Every 1000m you fight a boss and end the level. In the arcade game boss fights happened in separate closed screens with little platforms similar to a Bubble Bobble level; not so here. In this game you have platforms on the sides and continue up to the finish whilst the boss shoots at you. The first boss fires giant missiles straight up; the second webs. Running back and forth above the boss on rainbows is a bit risky, so you'll find yourself jumping up to cast rainbows and then jumping again to make them fall on the boss. Not quite as interesting or engaging; besides you hardly see any of the boss since that would mean your doom. Clobbering the boss takes you to the level Finish complete with power-ups and time gems. In the arcade this was the end and you then started fresh at the bottom of a new stage; here you had better grab some gems because the game just continues upward without resetting your time clock. The effect is a bit deflating -- especially if you were down to your last 60 seconds on the boss! On the positive side you can play again starting at the last level reached in any of the three modes.
Playing the second mode I'm calling "Ranked" skips the opening dialogue, but is otherwise the same game as Story Mode. The only other difference is that the result is tracked in a couple of graphs showing you how high you've gone from game to game and the time taken to reach the level finish. These graphs can be viewed by choosing the second option from the opening menu. I guess this is supposed to give you some incentive to better your performance, but I don't see why there's a separate mode for this -- surely the same data could be tracked from the Story Mode? This mode and the Story mode can be played with one or two players; the second player can jump in at any time. Since you both share the same timer (and therefore run it down by hitting enemies) it's not clear this will result in better progress, but it's nice to see the same multiplayer co-op aspect as the arcade game.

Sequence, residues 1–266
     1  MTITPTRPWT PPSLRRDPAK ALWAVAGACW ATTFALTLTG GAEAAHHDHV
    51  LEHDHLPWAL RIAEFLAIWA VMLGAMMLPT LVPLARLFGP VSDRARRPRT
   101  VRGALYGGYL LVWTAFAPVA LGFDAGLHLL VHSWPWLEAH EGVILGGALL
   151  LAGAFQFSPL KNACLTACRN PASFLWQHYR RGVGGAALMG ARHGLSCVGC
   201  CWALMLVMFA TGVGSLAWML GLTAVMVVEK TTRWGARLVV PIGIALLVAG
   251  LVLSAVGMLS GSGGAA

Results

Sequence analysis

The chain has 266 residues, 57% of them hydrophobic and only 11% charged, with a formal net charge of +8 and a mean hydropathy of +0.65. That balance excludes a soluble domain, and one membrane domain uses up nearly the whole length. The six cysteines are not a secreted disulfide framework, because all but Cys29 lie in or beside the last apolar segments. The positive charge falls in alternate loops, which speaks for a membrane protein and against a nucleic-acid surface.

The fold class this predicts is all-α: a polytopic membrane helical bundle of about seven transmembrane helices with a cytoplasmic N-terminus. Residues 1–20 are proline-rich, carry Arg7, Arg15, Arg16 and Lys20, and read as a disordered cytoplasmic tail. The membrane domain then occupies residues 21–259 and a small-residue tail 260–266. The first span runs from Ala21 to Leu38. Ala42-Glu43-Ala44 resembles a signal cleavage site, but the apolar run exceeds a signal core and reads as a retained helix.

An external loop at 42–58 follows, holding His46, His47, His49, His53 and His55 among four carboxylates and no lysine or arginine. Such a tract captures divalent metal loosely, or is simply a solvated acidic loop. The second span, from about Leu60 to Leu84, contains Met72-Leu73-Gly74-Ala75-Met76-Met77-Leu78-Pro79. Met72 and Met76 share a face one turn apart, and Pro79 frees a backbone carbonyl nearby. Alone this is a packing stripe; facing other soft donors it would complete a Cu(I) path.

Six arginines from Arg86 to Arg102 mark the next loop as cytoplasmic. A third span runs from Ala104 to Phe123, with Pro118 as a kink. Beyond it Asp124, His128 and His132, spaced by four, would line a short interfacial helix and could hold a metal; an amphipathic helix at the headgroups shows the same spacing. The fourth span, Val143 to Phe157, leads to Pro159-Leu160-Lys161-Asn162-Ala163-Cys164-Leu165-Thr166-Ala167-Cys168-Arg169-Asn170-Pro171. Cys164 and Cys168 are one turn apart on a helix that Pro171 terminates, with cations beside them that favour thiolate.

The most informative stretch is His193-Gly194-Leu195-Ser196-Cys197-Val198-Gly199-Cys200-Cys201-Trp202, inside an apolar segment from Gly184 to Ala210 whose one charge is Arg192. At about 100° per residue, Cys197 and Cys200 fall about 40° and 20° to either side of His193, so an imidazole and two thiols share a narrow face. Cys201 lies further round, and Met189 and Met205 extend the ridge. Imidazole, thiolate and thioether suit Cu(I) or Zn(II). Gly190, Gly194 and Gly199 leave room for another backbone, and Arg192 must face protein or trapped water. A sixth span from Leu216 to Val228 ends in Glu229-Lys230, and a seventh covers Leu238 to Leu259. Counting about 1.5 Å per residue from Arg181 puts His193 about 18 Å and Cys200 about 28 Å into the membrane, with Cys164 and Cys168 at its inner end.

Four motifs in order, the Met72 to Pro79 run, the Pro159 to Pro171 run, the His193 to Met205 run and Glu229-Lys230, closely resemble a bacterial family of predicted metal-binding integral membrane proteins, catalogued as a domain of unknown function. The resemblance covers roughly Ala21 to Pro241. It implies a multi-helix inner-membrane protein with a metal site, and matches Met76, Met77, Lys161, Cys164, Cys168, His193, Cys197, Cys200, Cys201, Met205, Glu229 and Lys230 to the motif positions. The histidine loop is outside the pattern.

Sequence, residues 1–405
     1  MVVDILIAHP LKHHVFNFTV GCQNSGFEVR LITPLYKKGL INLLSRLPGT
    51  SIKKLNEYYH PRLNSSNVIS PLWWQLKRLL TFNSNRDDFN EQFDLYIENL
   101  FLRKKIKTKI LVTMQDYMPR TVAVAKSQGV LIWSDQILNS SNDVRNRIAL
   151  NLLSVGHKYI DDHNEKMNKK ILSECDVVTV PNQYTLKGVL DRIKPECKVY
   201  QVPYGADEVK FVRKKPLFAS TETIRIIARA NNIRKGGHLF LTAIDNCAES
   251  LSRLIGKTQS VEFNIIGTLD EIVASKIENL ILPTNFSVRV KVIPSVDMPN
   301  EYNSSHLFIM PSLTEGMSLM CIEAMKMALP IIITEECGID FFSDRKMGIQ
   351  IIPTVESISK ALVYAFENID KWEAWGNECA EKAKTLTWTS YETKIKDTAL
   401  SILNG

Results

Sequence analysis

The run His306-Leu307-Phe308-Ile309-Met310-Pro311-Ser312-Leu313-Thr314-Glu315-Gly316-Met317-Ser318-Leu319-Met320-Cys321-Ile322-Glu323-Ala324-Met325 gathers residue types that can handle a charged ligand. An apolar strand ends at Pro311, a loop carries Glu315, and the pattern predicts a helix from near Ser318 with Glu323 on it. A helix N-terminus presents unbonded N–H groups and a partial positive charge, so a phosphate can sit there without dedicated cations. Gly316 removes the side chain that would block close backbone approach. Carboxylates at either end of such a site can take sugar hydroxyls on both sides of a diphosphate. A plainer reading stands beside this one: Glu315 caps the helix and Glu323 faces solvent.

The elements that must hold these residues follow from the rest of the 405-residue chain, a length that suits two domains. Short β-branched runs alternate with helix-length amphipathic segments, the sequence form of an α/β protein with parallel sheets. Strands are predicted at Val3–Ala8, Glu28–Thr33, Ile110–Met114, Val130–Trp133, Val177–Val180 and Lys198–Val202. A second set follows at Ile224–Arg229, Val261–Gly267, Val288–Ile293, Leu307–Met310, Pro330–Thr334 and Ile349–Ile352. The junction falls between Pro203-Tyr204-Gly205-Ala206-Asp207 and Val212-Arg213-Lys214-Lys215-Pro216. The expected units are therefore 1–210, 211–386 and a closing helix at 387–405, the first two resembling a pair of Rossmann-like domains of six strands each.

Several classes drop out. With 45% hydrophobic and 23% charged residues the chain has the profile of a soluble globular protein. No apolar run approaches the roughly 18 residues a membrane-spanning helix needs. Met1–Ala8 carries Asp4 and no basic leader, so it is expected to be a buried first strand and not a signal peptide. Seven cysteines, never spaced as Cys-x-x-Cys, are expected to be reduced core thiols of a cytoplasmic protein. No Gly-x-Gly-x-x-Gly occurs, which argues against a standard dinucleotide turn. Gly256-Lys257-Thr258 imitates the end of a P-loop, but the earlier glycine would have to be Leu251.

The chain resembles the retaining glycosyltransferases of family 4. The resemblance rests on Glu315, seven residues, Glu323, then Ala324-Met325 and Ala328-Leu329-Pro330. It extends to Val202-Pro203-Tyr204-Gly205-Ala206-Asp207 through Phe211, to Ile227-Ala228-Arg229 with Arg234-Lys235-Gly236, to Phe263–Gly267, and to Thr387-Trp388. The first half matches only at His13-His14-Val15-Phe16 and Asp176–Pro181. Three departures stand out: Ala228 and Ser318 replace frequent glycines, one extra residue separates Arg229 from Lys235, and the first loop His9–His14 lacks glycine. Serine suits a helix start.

The third mode is Time Attack and tracks how fast you can clear a level. Unlike the other two levels this one is only single-player. You can choose from levels that have been previously unlocked, so I've not tried this extensively, but I don't see the point of this really. I mean I play the game to see how far I can get not how fast I can complete one level. Still, it's an extra and I cannot complain about that when you're otherwise just looking at the one game.
Overall the game is decent; it's Rainbow Islands in general look and feel. What is missing is a lot of the charm of the original and the themes of the different worlds. I've only been to the first two levels, so maybe there's new stuff further on, but I couldn't see much different in the enemies of the first two levels. It's not a bad game, but it falls short of the appeal of the original arcade classic and is therefore not as satisfying an experience as Bubble Bobble Wii was. I could enjoy it for what it is, but unlike Bubble Bobble or Drill World, I don't feel the desire to play; it just doesn't grab me. If you're a big fan of the original (and I'm more of a Bubble Bobble fan) I think you'll get something out of it, but if you feel like waiting to see when the PC Engine port on the Virtual Console is coming out, I wouldn't blame you.